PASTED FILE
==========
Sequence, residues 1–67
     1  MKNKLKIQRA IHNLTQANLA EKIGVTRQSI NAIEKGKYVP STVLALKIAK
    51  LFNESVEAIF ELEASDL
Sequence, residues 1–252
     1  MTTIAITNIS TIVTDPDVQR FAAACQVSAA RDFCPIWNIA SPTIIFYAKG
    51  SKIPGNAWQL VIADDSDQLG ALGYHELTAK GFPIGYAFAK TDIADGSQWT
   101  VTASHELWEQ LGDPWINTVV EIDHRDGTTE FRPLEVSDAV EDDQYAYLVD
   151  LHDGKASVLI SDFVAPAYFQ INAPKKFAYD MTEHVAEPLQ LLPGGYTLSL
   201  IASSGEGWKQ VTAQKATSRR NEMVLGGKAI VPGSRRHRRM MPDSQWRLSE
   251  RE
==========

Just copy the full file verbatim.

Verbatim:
Sequence, residues 1–67
     1  MKNKLKIQRA IHNLTQANLA EKIGVTRQSI NAIEKGKYVP STVLALKIAK
    51  LFNESVEAIF ELEASDL
Sequence, residues 1–252
     1  MTTIAITNIS TIVTDPDVQR FAAACQVSAA RDFCPIWNIA SPTIIFYAKG
    51  SKIPGNAWQL VIADDSDQLG ALGYHELTAK GFPIGYAFAK TDIADGSQWT
   101  VTASHELWEQ LGDPWINTVV EIDHRDGTTE FRPLEVSDAV EDDQYAYLVD
   151  LHDGKASVLI SDFVAPAYFQ INAPKKFAYD MTEHVAEPLQ LLPGGYTLSL
   201  IASSGEGWKQ VTAQKATSRR NEMVLGGKAI VPGSRRHRRM MPDSQWRLSE
   251  RE